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Two soldiers from Giebelstadt, Germany, pay their respects to Sgt. Kenneth Ross of the 12th Aviation Brigade's 7th Battalion, 159th Aviation Regiment, Thursday in Giebelstadt.
Two soldiers from Giebelstadt, Germany, pay their respects to Sgt. Kenneth Ross of the 12th Aviation Brigade's 7th Battalion, 159th Aviation Regiment, Thursday in Giebelstadt. (Steve Liewer / S&S)

GIEBELSTADT, Germany — Sgt. Kenneth Ross couldn’t believe his good fortune, the day in Afghanistan the helicopter mechanic found out he could fly.

He’d spent the first year of the Iraq war with the Giebelstadt-based 7th Battalion, 159th Aviation Regiment in Iraq overhauling CH-47 Chinooks, but ever since he was a youngster growing up in Tucson, Ariz., he’d wanted to fly helicopters.

Weeks after Ross arrived in Afghanistan, last March, he was offered a coveted crew chief slot that opened up with the 113th Aviation Regiment, a Nevada National Guard unit flying Chinooks out of Kandahar. Racking up combat hours couldn’t hurt in his real quest: to become a combat helicopter pilot.

“When he had the opportunity to fly, he jumped on it,” said Staff Sgt. Timothy Sharp, Ross’ station sergeant downrange. “He was ecstatic.”

“He obviously impressed someone,” said Spc. Aaron Carey, a close friend of Ross’ in the 7-159 Aviation.

Thursday afternoon, his friends gathered in the Giebelstadt chapel to remember him. Ross, 24, died Sunday along with four National Guardsmen when their Chinook crashed in mountains near Deh Chopan in eastern Afghanistan. He had pinned on his sergeant’s bars less than a month earlier.

The news devastated a unit that had spent a year in Iraq and six months in Afghanistan without losing a soldier.

“We came home intact, nobody missing. We were blessed by that,” said Capt. Kristen Gaw, rear detachment commander for the 7-159 Aviation’s Company B. “You could just see across the board on their faces, even the new soldiers. A lot of them, this is the first death they’ve experienced in their unit.”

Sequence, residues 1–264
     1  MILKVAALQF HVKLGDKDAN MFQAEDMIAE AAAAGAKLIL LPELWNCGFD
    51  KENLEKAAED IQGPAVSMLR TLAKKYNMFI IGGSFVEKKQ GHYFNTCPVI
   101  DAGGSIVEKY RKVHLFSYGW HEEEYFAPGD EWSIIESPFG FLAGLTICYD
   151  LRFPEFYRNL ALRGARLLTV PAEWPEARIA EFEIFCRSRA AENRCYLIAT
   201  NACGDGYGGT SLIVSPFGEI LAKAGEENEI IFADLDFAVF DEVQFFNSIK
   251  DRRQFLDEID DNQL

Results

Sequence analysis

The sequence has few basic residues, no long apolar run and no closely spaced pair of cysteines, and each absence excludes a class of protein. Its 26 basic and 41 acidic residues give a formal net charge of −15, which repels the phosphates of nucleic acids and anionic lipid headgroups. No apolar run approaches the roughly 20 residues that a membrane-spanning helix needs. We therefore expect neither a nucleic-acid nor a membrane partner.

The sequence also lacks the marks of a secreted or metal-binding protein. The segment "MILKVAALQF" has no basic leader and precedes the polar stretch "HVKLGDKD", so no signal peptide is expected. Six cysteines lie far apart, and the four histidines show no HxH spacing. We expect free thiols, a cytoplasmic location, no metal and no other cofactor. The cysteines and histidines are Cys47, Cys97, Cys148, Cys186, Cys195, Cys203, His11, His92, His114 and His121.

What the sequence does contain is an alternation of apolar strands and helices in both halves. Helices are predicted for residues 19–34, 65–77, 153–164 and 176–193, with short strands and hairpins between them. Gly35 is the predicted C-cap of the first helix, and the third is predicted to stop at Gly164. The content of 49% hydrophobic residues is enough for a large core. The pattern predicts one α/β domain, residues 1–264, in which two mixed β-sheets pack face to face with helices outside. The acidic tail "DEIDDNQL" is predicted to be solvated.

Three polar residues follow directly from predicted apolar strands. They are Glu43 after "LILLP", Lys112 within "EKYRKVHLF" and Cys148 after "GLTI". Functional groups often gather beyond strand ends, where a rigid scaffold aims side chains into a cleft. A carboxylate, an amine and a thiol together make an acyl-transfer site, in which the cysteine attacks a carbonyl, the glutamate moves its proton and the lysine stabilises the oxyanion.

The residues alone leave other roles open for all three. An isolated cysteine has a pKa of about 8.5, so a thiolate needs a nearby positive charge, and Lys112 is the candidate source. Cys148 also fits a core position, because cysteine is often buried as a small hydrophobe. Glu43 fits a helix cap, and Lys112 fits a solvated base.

It helped a little for his friends to remember Ross’ quirky, infectious laugh and perpetual good cheer. He couldn’t stand to see anyone else down.

“He always made a lot of funny faces,” Carey recalled. “He’d do it till you crack a smile.”

Ross enlisted in the Army weeks after graduating from high school in 1999, training as a Chinook mechanic and spending his first tour in Fort Campbell, Ky.

Ross arrived at the 7-159 Aviation in February 2003, just in time to deploy with the unit to Iraq. During the year between deployments, he fell in love with a young German student named Anne Lehman. They planned to be married during his rest-and-recuperation leave in December, Carey said.

As badly as he wanted to fly, Ross called his fiancee and asked her permission before he took the crew chief’s slot. She was terrified for his safety, Carey said, but she gave him permission, anyway.

“She said, ‘I’m not going to stop you, because I know that’s what you want to do,’” Carey recalled.

Usually Ross called her every Sunday. Last weekend, instead, Lehman got an e-mail from his sister, Stephanie, with the news that carried her worst fears.

“Sgt. Ross was her life,” said Carey, who was with her when she got the message. “It seemed like her whole future just crashed.”

He said she comes from an impoverished family in the former East Germany. Friends are now trying to raise some money to take care of her short-term needs. Carey said anyone interested in helping can e-mail him at: Chinnookcrazy@aol.com.

Tears fell freely as a bugler rendered taps. But friends said they took comfort knowing how happy he was in his work.

“We all know how much he loved to fly,” Gaw said. “He died doing what he loved best.”

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